Excessive credit card debt can lead to financial stress and harassing calls from collection agencies. Many of these collection agencies provide misleading information that may lead consumers to believe that filing bankruptcy is no longer an option for getting rid of credit card debt.
In reality, bankruptcy is still the best way to get rid of excessive credit card debt. Consumers generally have two bankruptcy options: Chapter 7 and Chapter 13.
Chapter 7 bankruptcy is the simplest and quickest way to get rid of credit card and other debt. Chapter 7 bankruptcy provides 100 percent discharge of credit card debt, medical debt, payday loans, and many other types of unsecured debt. If you are eligible, you can be debt-free in as little as three to six months.
If you are not eligible for Chapter 7 bankruptcy because your earnings are too high or you have filed Chapter 7 bankruptcy within the past eight years, Chapter 13 bankruptcy may be an option for you. Chapter 13 would also be the best option if you own property that creditors can take, such as a vacation home.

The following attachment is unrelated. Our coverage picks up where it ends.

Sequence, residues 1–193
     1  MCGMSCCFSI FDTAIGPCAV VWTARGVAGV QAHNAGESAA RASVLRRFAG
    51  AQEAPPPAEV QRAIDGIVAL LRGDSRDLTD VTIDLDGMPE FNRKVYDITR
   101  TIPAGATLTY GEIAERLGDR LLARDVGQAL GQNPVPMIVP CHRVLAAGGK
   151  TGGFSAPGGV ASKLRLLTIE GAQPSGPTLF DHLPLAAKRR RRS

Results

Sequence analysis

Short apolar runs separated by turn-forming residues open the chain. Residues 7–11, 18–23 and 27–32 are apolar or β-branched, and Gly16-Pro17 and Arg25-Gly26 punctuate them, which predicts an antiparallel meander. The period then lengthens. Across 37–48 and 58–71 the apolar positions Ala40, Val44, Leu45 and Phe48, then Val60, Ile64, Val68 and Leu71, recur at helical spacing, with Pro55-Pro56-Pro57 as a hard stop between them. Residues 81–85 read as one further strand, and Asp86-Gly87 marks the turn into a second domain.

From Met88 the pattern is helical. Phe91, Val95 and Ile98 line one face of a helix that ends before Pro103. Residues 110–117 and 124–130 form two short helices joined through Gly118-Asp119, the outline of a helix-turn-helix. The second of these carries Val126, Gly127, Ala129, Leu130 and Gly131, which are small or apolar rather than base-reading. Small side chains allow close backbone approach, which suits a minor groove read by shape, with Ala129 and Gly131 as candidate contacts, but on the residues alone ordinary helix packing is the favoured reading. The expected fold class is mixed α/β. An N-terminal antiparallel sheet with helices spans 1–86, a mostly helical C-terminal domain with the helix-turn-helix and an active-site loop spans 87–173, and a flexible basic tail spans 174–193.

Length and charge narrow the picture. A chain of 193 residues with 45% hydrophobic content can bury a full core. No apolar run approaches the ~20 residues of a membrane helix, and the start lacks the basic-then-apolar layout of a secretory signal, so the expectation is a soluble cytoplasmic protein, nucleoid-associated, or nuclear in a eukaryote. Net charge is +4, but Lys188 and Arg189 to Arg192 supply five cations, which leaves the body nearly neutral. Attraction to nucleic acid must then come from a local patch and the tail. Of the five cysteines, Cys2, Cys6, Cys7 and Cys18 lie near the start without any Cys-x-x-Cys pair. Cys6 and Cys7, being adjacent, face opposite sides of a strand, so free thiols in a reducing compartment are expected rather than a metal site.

When you file Chapter 13 bankruptcy, the bankruptcy court will look at your income, your assets and your debts and then determine how much of your credit card and other debt you can repay over a three- to five-year period. Secured debts such mortgage payments must be repaid in full. For unsecured debts such as creditor card bills, you pay only what the court determines you can afford to pay. Often this is a small percentage of what you owe. At the end of your payment plan, any remaining credit card debt will be discharged.
A bankruptcy attorney can help you determine which form of bankruptcy protection is best for you based on your income, your assets and your debts.
For some consumers, bankruptcy alternatives such as debt consolidation or negotiation can reduce credit card debt to a manageable amount. Unfortunately, for most people, these options are both expensive and ineffective. Only bankruptcy offers tax-free discharge of debt and the full protection of state and federal bankruptcy laws.